Intersectionality of Personal and Professional Identities: Portraits of Perception Management, Sustainable Values and Developmental Relationships Open Access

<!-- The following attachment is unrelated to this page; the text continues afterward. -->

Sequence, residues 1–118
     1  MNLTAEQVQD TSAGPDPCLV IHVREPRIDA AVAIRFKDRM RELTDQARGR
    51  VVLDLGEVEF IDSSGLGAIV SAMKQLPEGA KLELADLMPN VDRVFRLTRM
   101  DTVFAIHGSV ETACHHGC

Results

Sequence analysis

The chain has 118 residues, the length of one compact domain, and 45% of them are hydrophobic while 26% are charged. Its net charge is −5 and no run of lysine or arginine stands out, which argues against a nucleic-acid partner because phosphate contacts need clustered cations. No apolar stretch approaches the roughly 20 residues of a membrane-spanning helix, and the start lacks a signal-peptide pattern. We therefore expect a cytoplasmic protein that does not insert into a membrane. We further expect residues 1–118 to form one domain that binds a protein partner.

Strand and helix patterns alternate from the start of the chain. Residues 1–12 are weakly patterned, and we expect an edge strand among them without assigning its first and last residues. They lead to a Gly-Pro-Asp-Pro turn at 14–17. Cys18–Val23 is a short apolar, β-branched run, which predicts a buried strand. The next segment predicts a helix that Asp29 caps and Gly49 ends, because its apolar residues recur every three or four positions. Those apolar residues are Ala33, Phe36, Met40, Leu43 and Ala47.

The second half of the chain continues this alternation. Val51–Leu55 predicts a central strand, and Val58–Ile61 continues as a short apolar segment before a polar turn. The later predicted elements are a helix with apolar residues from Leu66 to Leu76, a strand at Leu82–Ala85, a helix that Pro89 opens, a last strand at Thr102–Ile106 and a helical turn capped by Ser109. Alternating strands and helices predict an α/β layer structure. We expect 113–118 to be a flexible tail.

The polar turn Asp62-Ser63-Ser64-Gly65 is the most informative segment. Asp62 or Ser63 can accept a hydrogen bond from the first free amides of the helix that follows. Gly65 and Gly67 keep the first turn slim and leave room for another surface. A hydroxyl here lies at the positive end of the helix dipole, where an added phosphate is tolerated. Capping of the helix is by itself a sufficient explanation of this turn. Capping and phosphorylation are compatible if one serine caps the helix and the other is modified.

Intersectionality: The "Outsider Within" Privilege of Maternal Relationshipsand the Empowerment of Sustainable Values Over the last 30 years, intersectionality has been portrayed as a dichotomy of privilege and oppression, positioning people in a "matrix of dominance" or focusing on "differences" between intersecting race, class, and gender categories (Anderson & Collins, 2007; Collins, 2000a; Crenshaw, 1995a,b). Intrasectional experiential exploration has been suggested to (1) divulge commonalities and differences within traditional race, class, and gender intersections (McCall, 2005; Shields, 2008); (2) identify identity factors that define individuals and inform personal/professional behavior and choices; and (3) paint portraits of differences with the expectation that inequities will inevitably emerge, be acknowledged, be addressed, and promote positivity, not negativity.This study's theoretical conversation is grounded by the intersectionality, personal and professional identity (integration), and African American feminist literatures. The empirical dialogue is anchored by explorations of the life histories of three African American women whose professional roles as managing directors in Wall Street banking are integrated into their personal selves. Their "selves" also comprise additional values, factors, and roles that emerged during the study, which was guided by three research questions: How do African American women understand their intersectional identities? How do African American women experience professional identity integration? How do African American women experience simultaneity of intersectional identities? Portraiture methodology (Lawrence-Lightfoot & Davis, 1997) was used to distinctively meld researcher creativity and participants' voices; leverage participant/researcher relationships; frame the portraits using theoretical, historical, and aesthetic context; connect the portraits using patterned themes; and reveal more yet not all of the aspects of the participants not normally seen in their public images. Seidman's (1998) three-interview format was used with each participant supplemented by "shadowing" for data collection, and constant comparison (Strauss & Corbin, 1990) was the primary analytical tool. The result was (1) a "mapping" of "common but different" "privileges" of effective maternal relationships; (2) an uncovering of life-sustaining values (Hitlin, 2003) and empowered and effective personal and professional identity integration; (3) empathy and awareness of perceived inequities; (4) "positive social change" (Crenshaw, 1995a; Shields, 2008); and (5) a future for additional intracategorical complex intersectionality (McCall, 2005) studies that make a difference.
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